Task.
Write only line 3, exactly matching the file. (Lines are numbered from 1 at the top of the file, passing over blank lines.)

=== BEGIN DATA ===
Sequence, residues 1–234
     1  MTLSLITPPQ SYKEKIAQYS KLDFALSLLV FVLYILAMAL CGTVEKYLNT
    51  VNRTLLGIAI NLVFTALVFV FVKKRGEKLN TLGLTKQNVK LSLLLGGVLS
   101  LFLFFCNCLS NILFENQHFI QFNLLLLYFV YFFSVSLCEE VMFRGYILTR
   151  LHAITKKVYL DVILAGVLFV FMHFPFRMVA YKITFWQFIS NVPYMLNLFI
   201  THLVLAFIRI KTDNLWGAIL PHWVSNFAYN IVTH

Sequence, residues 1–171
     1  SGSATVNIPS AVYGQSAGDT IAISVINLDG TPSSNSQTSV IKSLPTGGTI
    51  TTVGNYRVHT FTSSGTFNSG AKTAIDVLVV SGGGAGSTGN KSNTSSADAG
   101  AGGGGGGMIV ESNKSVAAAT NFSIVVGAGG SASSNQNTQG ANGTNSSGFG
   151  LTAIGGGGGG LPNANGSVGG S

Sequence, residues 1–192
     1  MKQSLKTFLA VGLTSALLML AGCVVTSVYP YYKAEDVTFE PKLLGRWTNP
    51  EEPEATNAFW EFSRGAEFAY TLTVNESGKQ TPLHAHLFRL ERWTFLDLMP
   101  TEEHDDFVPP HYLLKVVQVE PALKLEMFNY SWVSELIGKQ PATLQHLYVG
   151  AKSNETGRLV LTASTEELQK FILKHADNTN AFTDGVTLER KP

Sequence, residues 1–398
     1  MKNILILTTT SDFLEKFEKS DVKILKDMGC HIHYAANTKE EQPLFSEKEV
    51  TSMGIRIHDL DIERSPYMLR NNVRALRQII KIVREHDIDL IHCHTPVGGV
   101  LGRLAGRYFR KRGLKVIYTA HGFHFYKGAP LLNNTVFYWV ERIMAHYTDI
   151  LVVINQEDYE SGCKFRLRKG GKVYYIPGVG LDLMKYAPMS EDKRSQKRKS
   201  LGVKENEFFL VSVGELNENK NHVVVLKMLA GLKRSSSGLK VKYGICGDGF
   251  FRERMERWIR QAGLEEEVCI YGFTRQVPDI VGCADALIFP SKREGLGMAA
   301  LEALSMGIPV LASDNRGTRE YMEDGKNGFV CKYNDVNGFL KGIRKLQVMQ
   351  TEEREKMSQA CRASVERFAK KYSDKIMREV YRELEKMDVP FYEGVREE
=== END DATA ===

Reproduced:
    51  VNRTLLGIAI NLVFTALVFV FVKKRGEKLN TLGLTKQNVK LSLLLGGVLS